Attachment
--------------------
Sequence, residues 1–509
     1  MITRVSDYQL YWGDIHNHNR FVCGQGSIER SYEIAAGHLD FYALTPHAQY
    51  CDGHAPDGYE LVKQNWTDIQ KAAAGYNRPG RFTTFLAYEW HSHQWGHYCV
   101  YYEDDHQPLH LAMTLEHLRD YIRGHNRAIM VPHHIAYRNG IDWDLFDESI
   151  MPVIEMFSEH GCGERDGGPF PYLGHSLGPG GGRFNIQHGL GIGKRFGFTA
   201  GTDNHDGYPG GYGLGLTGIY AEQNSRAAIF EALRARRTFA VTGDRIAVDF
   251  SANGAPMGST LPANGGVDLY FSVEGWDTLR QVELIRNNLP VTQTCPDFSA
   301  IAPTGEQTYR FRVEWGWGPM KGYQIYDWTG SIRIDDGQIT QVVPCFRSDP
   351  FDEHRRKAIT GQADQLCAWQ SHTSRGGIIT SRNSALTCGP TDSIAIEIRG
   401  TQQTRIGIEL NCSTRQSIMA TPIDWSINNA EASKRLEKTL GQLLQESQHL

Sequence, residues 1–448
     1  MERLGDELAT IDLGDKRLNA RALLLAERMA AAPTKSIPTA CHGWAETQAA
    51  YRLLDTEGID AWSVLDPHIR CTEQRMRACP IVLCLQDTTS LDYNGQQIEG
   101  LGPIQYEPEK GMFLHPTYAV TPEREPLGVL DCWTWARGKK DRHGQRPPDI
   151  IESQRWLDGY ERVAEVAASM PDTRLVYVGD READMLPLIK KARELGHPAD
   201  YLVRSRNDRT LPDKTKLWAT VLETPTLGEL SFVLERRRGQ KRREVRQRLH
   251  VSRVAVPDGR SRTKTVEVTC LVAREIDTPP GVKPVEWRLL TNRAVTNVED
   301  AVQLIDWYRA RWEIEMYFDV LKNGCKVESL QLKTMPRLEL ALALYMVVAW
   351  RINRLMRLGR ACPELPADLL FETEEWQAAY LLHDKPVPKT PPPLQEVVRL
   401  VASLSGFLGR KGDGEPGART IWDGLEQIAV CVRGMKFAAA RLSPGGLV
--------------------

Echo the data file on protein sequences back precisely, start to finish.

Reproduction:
Sequence, residues 1–509
     1  MITRVSDYQL YWGDIHNHNR FVCGQGSIER SYEIAAGHLD FYALTPHAQY
    51  CDGHAPDGYE LVKQNWTDIQ KAAAGYNRPG RFTTFLAYEW HSHQWGHYCV
   101  YYEDDHQPLH LAMTLEHLRD YIRGHNRAIM VPHHIAYRNG IDWDLFDESI
   151  MPVIEMFSEH GCGERDGGPF PYLGHSLGPG GGRFNIQHGL GIGKRFGFTA
   201  GTDNHDGYPG GYGLGLTGIY AEQNSRAAIF EALRARRTFA VTGDRIAVDF
   251  SANGAPMGST LPANGGVDLY FSVEGWDTLR QVELIRNNLP VTQTCPDFSA
   301  IAPTGEQTYR FRVEWGWGPM KGYQIYDWTG SIRIDDGQIT QVVPCFRSDP
   351  FDEHRRKAIT GQADQLCAWQ SHTSRGGIIT SRNSALTCGP TDSIAIEIRG
   401  TQQTRIGIEL NCSTRQSIMA TPIDWSINNA EASKRLEKTL GQLLQESQHL

Sequence, residues 1–448
     1  MERLGDELAT IDLGDKRLNA RALLLAERMA AAPTKSIPTA CHGWAETQAA
    51  YRLLDTEGID AWSVLDPHIR CTEQRMRACP IVLCLQDTTS LDYNGQQIEG
   101  LGPIQYEPEK GMFLHPTYAV TPEREPLGVL DCWTWARGKK DRHGQRPPDI
   151  IESQRWLDGY ERVAEVAASM PDTRLVYVGD READMLPLIK KARELGHPAD
   201  YLVRSRNDRT LPDKTKLWAT VLETPTLGEL SFVLERRRGQ KRREVRQRLH
   251  VSRVAVPDGR SRTKTVEVTC LVAREIDTPP GVKPVEWRLL TNRAVTNVED
   301  AVQLIDWYRA RWEIEMYFDV LKNGCKVESL QLKTMPRLEL ALALYMVVAW
   351  RINRLMRLGR ACPELPADLL FETEEWQAAY LLHDKPVPKT PPPLQEVVRL
   401  VASLSGFLGR KGDGEPGART IWDGLEQIAV CVRGMKFAAA RLSPGGLV